Covid-19 (Coronavirus) – an update for our clients

Dentals

Regular dental checkups alongside your pet’s annual booster or health check will help to improve day-to-day health as well as preventing dental problems before they become too advanced. One of the most common problems that we see pets for, is unpleasant smelling breath and dental issues.

Towcester Vets have a descaling and polishing machine as well as a wide range of tools that can help with tooth extractions. For small furries (rabbits, guinea pigs and rodents) we also have burring equipment that help to file down sharp teeth.

If your pet requires dental work carrying out, this will be completed under general anaesthetic for the safety of your pet and our vet. Our team will always discuss the procedure and any associated risks, helping owners to make informed decisions. Our experienced team will care for your pet like their own and our surgical facilities coupled with modern equipment help us to provide the best service possible for both pet and owner.

 

How do I know if my pets’ teeth need examining?

  • Does your pet have bad breath? If so it may be because they need a dental. Often when you can smell your dog’s breath you are likely smelling the bacteria and infection that has built up over time. Abscesses may appear at the top of the roots because plaque and tartar on the teeth cause the attachment between the gum and tooth to loosen. This then allows bacteria to enter the channel between the mouth and tooth root causing infection.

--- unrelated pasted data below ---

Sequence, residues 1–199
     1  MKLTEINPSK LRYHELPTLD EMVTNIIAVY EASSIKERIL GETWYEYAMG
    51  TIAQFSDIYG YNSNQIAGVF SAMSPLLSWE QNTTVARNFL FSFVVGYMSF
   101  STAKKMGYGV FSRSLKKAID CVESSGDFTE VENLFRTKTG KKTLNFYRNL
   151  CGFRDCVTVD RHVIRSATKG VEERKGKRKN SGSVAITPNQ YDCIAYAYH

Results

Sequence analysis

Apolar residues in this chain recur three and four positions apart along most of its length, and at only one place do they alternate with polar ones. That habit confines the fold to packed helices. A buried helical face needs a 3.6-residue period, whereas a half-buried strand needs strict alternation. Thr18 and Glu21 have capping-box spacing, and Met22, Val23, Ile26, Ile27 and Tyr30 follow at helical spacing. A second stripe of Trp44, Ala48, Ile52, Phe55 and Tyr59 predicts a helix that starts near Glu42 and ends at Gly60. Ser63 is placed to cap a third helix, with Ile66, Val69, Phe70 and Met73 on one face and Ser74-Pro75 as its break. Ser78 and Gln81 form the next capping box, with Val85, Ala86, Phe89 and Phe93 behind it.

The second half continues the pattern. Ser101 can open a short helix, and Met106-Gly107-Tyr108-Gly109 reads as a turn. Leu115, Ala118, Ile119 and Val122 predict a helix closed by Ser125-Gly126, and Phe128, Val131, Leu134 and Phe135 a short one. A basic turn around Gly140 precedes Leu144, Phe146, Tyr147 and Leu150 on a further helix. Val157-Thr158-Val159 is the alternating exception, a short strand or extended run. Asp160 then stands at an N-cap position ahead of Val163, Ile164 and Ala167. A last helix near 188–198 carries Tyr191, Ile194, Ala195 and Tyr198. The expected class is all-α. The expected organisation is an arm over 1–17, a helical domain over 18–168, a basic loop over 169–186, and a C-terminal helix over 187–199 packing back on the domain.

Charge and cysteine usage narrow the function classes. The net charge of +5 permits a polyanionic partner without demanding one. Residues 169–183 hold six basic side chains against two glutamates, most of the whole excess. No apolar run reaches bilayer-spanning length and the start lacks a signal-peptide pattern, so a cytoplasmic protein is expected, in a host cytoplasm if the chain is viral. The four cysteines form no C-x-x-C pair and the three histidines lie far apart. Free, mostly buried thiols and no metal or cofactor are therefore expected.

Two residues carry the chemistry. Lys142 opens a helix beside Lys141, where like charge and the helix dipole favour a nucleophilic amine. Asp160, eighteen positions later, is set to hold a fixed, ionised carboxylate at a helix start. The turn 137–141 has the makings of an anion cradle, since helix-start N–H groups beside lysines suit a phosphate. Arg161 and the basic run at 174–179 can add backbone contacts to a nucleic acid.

• Does your pet not want to play with their toys? Dental pain can be a subtle problem but one of the most common signs is that your pet does not want to play with their toys. They have less interest in chew toys and might only use one side of their mouth when playing.
  • Does your pet have blood in their feed or water bowl? This is a clinical sign that their mouth needs examining.
  • Lethargy and becoming withdrawn. If your pet seems more lethargic than normal this might not be related to old age.
  • Weight loss and picky eating. If your pet has all of a sudden become fussy, it may be because their mouth is causing them pain.
  • Aggressive behaviour. This can also be linked to mouth pain and is a good reason as to why you should keep on top of your pet’s dental health.

 

If you think your pet is experiencing any of these symptoms, call our knowledgeable reception team who can advise or book in a consult with one of our vets.

 

How can I help my pet avoid dental disease?

There are things you can start doing at home that will help your pet avoid dental problems in the future.

  • Fight dental disease by investing in better nutrition for your pet. Try to keep as natural as possible and chat to our team about what might work best for your pet.
  • Beware – dentastix are a treat for your pet and by feeding them regularly, they can add a lot of calories to your dog’s diet. Even though they do help to reduce tartar and plaque build-up, these should be used as part of a balanced diet and not instead of teeth brushing.
  • Brush teeth daily where possible. Chat to your vet about pet specific toothpaste and toothbrushes. It may take a few weeks to get them used to the process but this is the best way to manage their dental hygiene moving forward.

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